I gathered from Philemon’s words that I must remain true to love to cancel out the commingling that arises through unlived love.
I understood that the commingling is a bondage that takes the place of voluntary devotion. Scattering or dismembering arises, as Philemon had taught me, from voluntary devotion.
It cancels out the commingling.
Through voluntary devotion I removed binding ties.
Therefore I had to remain true to love, and, devoted to it voluntarily, I suffer the dismembering and thus attain bonding with the great mother, that is, the stellar nature, liberation from bondage to men and things.
If I am bound to men and things, I can neither go on with my life to its destination nor can I arrive at my very own and deepest nature.
Nor can death begin in me as a new life, since I can only fear death.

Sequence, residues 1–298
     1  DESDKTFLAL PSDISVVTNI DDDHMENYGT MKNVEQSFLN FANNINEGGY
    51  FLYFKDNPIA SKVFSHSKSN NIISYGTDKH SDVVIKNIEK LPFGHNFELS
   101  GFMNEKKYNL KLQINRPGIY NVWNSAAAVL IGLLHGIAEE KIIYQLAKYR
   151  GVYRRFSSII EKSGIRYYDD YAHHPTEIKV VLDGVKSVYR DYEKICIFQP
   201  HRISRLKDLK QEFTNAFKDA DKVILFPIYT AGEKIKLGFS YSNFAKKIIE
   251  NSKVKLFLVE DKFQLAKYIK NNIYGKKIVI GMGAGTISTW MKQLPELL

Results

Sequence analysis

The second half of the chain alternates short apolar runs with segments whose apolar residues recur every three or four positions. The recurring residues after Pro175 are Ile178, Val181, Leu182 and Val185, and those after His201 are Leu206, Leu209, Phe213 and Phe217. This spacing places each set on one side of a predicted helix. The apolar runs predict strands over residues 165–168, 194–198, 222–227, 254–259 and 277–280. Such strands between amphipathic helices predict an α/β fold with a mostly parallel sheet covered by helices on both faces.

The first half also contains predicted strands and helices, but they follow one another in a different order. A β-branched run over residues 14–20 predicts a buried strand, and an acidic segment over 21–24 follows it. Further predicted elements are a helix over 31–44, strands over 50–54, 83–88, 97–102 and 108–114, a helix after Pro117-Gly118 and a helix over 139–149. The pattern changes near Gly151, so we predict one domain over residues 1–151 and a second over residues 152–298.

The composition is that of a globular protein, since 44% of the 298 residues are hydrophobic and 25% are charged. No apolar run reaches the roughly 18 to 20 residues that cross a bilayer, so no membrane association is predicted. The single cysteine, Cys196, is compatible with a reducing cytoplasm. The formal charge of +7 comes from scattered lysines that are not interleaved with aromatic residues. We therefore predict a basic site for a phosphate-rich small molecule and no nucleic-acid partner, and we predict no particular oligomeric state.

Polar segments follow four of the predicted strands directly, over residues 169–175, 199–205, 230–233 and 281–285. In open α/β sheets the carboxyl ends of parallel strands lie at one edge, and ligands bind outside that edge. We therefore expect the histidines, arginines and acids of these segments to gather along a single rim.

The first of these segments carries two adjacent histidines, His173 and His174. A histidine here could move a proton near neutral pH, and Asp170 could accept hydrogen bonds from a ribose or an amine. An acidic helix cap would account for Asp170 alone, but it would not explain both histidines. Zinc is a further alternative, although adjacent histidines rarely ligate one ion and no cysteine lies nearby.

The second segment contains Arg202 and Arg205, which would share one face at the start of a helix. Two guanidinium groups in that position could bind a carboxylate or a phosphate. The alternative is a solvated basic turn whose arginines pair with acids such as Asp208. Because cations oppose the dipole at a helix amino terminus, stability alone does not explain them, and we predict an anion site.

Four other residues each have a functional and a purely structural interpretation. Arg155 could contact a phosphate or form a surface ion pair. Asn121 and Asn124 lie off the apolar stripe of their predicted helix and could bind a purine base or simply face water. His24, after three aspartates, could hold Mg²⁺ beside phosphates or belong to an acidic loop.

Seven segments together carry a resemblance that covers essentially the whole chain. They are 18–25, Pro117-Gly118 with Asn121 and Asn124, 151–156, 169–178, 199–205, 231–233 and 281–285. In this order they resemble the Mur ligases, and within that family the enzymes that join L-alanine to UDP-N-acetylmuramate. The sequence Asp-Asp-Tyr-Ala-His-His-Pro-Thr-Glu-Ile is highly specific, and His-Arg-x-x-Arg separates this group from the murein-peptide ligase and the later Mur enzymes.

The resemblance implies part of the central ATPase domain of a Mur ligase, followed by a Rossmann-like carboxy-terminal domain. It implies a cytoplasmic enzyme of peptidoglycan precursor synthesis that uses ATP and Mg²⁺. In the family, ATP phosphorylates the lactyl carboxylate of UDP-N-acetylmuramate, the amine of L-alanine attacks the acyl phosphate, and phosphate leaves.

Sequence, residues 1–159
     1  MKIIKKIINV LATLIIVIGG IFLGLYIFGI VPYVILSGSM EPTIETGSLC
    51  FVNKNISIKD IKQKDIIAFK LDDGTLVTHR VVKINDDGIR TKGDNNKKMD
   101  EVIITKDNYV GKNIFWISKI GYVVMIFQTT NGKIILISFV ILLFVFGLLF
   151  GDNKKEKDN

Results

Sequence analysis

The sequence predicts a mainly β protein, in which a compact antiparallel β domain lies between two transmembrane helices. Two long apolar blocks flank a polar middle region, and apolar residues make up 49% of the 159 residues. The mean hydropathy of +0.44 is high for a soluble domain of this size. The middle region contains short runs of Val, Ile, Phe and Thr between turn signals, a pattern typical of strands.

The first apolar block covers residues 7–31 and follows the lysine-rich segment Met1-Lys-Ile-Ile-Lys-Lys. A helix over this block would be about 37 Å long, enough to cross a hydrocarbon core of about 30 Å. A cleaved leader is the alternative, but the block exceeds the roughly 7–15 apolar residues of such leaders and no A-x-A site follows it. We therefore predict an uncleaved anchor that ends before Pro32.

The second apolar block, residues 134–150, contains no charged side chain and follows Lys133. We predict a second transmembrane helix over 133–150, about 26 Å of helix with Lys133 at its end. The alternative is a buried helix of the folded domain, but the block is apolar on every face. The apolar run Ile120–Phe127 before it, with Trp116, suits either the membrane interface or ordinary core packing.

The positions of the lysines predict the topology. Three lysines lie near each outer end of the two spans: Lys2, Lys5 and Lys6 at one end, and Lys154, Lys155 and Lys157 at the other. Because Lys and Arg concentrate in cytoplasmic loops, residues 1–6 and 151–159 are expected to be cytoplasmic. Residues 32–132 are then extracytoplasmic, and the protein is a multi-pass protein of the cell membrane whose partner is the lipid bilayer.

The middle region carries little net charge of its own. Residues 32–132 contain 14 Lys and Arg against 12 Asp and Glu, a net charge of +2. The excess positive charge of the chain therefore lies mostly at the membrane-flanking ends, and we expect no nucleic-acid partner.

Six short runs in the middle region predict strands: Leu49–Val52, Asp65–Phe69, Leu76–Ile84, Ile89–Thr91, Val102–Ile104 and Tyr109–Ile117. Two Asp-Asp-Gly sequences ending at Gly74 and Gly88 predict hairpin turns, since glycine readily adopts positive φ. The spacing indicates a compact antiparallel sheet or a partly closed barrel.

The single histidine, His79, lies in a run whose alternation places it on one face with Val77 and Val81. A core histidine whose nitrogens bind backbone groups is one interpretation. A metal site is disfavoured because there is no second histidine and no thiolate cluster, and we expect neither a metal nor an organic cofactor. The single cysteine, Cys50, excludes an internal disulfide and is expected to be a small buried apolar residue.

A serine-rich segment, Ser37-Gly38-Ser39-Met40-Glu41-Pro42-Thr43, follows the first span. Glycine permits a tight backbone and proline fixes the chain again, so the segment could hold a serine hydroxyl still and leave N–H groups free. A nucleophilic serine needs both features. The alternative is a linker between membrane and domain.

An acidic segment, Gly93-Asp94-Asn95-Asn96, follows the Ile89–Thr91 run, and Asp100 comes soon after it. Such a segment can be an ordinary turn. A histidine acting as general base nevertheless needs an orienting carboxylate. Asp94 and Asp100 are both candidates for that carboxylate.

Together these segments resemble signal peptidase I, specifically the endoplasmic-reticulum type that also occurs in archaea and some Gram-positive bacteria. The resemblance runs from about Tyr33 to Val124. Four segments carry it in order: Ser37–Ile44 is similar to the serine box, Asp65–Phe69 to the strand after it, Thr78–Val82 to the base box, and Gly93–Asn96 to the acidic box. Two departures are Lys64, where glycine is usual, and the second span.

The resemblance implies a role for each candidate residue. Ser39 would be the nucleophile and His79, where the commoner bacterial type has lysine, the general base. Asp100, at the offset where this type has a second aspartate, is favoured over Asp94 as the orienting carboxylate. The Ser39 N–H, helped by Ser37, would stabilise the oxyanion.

I must therefore remain true to love since how else can I arrive at the scattering and dissolution of bondage?
How else could I experience death other than through remaining true to love and willingly accepting the pain and all the suffering?
As long as I do not voluntarily devote myself to the dismembering, a part of my self secretly remains with men and things and binds me to them; and thus I must, whether I want to or not, be a part of them, mixed in with them and bound to them.
Only fidelity to love and voluntary devotion to love enable this binding and mixing to be dissolved and lead back to me that part of my self that secretly lay with men and things.
Only thus does the light of the star grow, only thus do I arrive at my stellar nature, at my truest and innermost self that simply and singly is.
It is difficult to remain true to love since love stands above all sins.
He who wants to remain true to love must also overcome sin.
Nothing occurs more readily than failing to recognize that one is committing a sin.
Overcoming sin for the sake of remaining true to love is difficult, so difficult that my feet hesitated to advance. ~Carl Jung, Red Book, Page 356.